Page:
Other advanced settings are:

Contributions – Specify the income source that is to be associated with investment contributions. Read more >>

Liquidation Limits and Planned Withdrawals - Should you need greater control over the cash flow, liquidation limits allow you to limit or prevent the software from taking ad hoc withdrawals from a liquid asset. Planned withdrawals, on the other hand, allow users to set a withdrawal schedule from an account, regardless of whether these funds are needed to fulfill expenses. We generally recommend that you use these settings very sparingly and let the software do cash flow calculation for you, but these options are available should you need to take a more hands-on approach to cash flow or when considering certain what-if scenarios. Read more >>

Step Up / Step Down – Use events or in some cases stages to schedule future increases or decreases (steps) in employee and employer contributions, growth rates, as well as future changes to asset allocations (and hence, derived growth rates). Read more >>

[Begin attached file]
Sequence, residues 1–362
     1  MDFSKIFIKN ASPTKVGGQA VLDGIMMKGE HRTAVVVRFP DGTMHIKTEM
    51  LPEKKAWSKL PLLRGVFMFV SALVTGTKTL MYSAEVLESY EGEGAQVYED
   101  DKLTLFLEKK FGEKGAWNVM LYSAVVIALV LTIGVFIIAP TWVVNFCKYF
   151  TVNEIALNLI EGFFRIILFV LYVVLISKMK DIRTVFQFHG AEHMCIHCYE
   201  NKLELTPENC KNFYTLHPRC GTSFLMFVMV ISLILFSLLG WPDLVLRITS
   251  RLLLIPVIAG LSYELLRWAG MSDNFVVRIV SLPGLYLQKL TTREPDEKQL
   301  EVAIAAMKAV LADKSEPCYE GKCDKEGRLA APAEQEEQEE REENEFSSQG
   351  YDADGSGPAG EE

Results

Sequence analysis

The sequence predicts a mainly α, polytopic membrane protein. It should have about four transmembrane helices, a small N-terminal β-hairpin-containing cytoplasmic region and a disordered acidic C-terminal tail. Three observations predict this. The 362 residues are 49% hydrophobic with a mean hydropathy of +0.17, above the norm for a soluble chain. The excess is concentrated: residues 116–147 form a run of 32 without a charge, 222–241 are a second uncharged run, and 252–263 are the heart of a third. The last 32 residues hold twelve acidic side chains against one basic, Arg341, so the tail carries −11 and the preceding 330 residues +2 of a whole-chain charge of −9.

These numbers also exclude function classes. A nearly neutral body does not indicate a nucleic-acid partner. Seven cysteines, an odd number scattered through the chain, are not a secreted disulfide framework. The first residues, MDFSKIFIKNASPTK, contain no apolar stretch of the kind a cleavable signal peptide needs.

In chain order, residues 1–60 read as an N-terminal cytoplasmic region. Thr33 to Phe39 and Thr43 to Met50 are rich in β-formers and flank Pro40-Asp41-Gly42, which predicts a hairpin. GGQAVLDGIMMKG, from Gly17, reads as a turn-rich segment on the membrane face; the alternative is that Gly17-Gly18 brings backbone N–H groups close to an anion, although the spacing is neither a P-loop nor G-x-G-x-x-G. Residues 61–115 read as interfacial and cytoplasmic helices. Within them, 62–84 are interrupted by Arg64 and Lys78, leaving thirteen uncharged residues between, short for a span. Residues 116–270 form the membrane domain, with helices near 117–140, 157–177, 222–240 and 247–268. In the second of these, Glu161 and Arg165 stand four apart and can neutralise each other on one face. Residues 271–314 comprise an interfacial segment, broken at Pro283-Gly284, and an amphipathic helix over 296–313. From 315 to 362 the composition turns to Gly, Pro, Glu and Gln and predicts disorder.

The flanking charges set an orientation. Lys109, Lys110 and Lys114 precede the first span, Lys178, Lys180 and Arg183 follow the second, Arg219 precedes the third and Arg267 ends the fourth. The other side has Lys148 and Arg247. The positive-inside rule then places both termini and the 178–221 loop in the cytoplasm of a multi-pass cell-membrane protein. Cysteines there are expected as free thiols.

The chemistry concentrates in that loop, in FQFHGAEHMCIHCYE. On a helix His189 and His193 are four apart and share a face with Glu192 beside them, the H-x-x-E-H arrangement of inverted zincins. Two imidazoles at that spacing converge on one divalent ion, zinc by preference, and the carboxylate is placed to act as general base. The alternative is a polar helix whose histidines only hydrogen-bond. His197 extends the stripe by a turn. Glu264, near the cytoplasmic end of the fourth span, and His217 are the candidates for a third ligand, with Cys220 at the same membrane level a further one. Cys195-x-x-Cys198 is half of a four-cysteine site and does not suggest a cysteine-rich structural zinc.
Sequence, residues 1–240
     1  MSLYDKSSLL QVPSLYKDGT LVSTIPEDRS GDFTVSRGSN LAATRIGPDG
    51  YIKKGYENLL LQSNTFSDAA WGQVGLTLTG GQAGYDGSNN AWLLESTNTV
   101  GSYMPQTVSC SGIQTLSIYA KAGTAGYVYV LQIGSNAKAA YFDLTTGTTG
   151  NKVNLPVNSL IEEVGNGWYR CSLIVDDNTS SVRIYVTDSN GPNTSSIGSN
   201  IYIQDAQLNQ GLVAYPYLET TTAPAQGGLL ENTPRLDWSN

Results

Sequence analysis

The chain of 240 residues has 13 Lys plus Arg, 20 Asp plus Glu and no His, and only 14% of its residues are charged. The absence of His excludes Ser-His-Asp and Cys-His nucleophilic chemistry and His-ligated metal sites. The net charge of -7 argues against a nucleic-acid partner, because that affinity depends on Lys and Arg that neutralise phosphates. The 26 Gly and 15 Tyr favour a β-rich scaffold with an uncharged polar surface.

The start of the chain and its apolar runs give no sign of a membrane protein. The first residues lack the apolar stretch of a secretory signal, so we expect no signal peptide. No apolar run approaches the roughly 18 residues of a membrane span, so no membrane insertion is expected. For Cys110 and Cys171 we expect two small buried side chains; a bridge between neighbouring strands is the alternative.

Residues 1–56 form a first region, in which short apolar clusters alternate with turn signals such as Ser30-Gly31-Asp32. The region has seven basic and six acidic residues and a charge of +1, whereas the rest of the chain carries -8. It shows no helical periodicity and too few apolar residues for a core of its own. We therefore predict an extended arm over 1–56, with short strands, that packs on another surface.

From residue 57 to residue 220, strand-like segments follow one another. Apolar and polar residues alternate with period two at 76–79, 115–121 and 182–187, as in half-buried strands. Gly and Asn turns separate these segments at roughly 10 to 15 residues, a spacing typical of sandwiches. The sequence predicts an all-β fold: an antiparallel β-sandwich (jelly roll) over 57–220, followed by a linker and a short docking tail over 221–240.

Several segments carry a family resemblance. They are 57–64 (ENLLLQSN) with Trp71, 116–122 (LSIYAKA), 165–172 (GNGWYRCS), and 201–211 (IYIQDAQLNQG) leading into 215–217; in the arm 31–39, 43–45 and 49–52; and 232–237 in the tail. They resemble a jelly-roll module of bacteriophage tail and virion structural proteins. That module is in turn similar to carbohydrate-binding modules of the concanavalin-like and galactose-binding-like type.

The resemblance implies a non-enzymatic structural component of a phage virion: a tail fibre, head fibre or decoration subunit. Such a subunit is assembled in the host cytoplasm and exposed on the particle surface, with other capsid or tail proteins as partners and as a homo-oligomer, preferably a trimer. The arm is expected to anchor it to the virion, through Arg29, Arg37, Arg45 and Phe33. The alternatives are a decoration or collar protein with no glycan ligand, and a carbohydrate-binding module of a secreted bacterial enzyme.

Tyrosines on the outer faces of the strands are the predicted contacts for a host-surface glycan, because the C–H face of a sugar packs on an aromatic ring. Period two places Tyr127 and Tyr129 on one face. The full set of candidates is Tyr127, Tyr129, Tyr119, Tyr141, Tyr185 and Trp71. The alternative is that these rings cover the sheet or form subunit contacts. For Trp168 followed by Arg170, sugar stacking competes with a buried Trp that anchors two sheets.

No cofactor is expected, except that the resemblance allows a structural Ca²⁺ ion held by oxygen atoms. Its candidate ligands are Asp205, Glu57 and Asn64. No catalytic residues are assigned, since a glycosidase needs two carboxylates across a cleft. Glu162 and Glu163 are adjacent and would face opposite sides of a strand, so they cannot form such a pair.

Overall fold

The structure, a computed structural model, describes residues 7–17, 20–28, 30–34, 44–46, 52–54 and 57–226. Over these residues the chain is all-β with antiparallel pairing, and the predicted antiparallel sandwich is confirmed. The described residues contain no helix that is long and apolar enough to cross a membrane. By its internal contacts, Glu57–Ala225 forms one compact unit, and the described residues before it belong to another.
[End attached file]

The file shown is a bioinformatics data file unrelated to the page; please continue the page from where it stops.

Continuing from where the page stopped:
Transfers / Additional Contributions – Set future transfers of funds into an investment from other accounts or in years where there are large lump sum inflows, from surplus income. Don’t confuse transfers with regular contributions, which are set using the contribution fields. This feature is also not intended to be used for crystallisations – i.e. transfers into drawdown investments. Crystallisations are scheduled on the Investment screen under Withdrawals and Annuity > Drawdown Strategy / Drawdown Investment. Read more >>


Save your work. 

11. Click the Add button to save the investment into the plan.

Note that additional settings and options, such as growth (as well as capital growth dividends and interest), fees, and asset allocation are available under Advanced Settings.  Read more >>


The investment will be shown in the ledger, located on the right side of the screen.

To later view or edit the investment, first it in the ledger. Details will be displayed in the fields left. 

To move on to another entry after viewing and possibly editing the details of an investment, click Clear.